reconsider the decision to close the Kentucky Archaeological Survey (KAS) and the Program for Archaeological Research (PAR). We understand that as of May 29, 2019, all 12 staff positions associated with the KAS and PAR will be eliminated. As an organization representing archaeological research in the state of Tennessee and the promotion of archaeological awareness and stewardship of our past, TCPA is writing to voice our opposition to this move to eliminate KAS and PAR. As a public land grant university, the mission of the University of Kentucky is dedicated to improving people’s lives through excellence in education, research, and creative work. All of these elements are currently being met by the mission of both KAS and PAR. KAS educates the public about Kentucky’s rich archaeological heritage and provides a service to other state agencies and nonprofits. PAR is responsible for training many archaeologists with hands on, real world experience who have either continued to work in Kentucky as archaeologists or have moved on to other states, including Tennessee, to continue to teach or work in the field of archaeology.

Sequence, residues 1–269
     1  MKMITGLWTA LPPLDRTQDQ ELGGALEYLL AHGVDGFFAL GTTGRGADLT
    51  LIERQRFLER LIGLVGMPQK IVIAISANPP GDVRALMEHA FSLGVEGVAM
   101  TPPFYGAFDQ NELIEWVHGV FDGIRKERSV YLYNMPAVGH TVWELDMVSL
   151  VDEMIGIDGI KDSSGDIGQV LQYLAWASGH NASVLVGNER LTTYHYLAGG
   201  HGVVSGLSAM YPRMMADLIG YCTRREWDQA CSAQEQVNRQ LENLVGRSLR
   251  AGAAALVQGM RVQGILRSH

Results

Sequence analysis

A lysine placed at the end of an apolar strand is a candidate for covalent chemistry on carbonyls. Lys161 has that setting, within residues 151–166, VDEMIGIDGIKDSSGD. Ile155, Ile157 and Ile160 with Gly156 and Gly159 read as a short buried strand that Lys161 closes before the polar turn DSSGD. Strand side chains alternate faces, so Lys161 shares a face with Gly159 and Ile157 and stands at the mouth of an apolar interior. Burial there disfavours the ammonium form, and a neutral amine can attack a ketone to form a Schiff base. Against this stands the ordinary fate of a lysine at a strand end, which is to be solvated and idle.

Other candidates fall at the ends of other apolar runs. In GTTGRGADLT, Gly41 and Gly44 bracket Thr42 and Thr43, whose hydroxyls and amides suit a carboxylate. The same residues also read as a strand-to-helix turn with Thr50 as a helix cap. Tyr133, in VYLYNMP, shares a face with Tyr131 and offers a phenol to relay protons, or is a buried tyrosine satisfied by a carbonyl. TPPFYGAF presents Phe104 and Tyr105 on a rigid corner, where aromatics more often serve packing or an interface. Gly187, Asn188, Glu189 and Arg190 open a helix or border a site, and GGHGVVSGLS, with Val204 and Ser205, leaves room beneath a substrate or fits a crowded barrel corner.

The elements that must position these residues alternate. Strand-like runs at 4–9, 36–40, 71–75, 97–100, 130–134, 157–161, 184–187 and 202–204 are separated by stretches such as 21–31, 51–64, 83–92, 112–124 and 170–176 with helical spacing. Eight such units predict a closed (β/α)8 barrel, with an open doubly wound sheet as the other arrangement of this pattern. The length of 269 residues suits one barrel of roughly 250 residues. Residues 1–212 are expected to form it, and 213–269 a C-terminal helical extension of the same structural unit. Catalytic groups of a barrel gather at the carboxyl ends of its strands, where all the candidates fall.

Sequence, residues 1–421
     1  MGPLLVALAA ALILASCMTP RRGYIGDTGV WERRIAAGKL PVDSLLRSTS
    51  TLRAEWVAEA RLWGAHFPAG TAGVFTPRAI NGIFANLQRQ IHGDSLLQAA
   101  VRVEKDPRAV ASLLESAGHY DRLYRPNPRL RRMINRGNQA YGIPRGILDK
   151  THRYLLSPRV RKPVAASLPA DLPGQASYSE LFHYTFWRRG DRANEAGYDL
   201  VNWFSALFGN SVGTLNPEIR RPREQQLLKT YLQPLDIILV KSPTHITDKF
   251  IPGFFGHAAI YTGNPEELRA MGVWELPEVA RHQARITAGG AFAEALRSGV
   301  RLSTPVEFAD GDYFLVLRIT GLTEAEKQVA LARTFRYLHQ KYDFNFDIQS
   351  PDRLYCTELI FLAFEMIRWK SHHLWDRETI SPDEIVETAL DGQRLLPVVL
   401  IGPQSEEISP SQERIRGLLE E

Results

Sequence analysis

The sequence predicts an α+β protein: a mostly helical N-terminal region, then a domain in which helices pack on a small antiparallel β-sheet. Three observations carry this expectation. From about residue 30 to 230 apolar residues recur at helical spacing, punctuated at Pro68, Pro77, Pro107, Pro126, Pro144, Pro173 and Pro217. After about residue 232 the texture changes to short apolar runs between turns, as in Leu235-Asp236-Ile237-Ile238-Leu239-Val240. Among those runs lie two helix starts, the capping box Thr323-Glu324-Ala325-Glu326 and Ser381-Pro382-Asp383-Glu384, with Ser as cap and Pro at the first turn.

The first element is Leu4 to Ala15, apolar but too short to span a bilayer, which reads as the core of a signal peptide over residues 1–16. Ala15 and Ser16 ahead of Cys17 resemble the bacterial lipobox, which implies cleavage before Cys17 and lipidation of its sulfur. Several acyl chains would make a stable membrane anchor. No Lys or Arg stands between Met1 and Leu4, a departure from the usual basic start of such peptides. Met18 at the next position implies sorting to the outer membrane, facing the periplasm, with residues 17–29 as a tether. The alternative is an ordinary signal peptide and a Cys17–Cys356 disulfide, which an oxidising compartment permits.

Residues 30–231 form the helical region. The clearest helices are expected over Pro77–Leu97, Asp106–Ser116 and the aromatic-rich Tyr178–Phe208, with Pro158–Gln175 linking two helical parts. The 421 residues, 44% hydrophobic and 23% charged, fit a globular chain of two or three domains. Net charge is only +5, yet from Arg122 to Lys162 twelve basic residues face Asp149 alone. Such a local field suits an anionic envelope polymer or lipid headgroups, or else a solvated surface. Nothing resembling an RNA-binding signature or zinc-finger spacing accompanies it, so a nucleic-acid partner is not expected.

TCPA also understands an external review of the University of Kentucky’s Department of
Anthropology conducted last year praised both KAS and PAR. The external review of the
department found that both KAS and PAR represent “some of the strongest and best-known